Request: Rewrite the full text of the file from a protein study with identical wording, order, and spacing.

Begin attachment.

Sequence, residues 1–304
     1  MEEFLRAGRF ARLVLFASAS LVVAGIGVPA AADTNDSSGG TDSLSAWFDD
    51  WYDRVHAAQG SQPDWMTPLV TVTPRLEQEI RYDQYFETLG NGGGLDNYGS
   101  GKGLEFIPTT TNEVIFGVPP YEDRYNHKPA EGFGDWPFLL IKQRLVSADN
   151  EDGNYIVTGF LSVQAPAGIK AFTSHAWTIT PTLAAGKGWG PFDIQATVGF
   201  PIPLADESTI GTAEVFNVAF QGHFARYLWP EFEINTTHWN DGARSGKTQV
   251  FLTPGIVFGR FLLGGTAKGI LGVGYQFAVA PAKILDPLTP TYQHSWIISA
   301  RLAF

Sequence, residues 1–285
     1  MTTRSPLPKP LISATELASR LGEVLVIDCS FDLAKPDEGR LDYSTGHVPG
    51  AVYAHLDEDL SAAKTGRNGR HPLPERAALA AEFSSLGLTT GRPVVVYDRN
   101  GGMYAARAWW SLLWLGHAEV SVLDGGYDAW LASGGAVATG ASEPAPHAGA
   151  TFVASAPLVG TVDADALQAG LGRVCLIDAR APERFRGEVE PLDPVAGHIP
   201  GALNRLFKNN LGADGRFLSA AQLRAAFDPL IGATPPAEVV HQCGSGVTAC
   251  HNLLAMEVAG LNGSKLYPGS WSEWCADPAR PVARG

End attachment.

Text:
Sequence, residues 1–304
     1  MEEFLRAGRF ARLVLFASAS LVVAGIGVPA AADTNDSSGG TDSLSAWFDD
    51  WYDRVHAAQG SQPDWMTPLV TVTPRLEQEI RYDQYFETLG NGGGLDNYGS
   101  GKGLEFIPTT TNEVIFGVPP YEDRYNHKPA EGFGDWPFLL IKQRLVSADN
   151  EDGNYIVTGF LSVQAPAGIK AFTSHAWTIT PTLAAGKGWG PFDIQATVGF
   201  PIPLADESTI GTAEVFNVAF QGHFARYLWP EFEINTTHWN DGARSGKTQV
   251  FLTPGIVFGR FLLGGTAKGI LGVGYQFAVA PAKILDPLTP TYQHSWIISA
   301  RLAF

Sequence, residues 1–285
     1  MTTRSPLPKP LISATELASR LGEVLVIDCS FDLAKPDEGR LDYSTGHVPG
    51  AVYAHLDEDL SAAKTGRNGR HPLPERAALA AEFSSLGLTT GRPVVVYDRN
   101  GGMYAARAWW SLLWLGHAEV SVLDGGYDAW LASGGAVATG ASEPAPHAGA
   151  TFVASAPLVG TVDADALQAG LGRVCLIDAR APERFRGEVE PLDPVAGHIP
   201  GALNRLFKNN LGADGRFLSA AQLRAAFDPL IGATPPAEVV HQCGSGVTAC
   251  HNLLAMEVAG LNGSKLYPGS WSEWCADPAR PVARG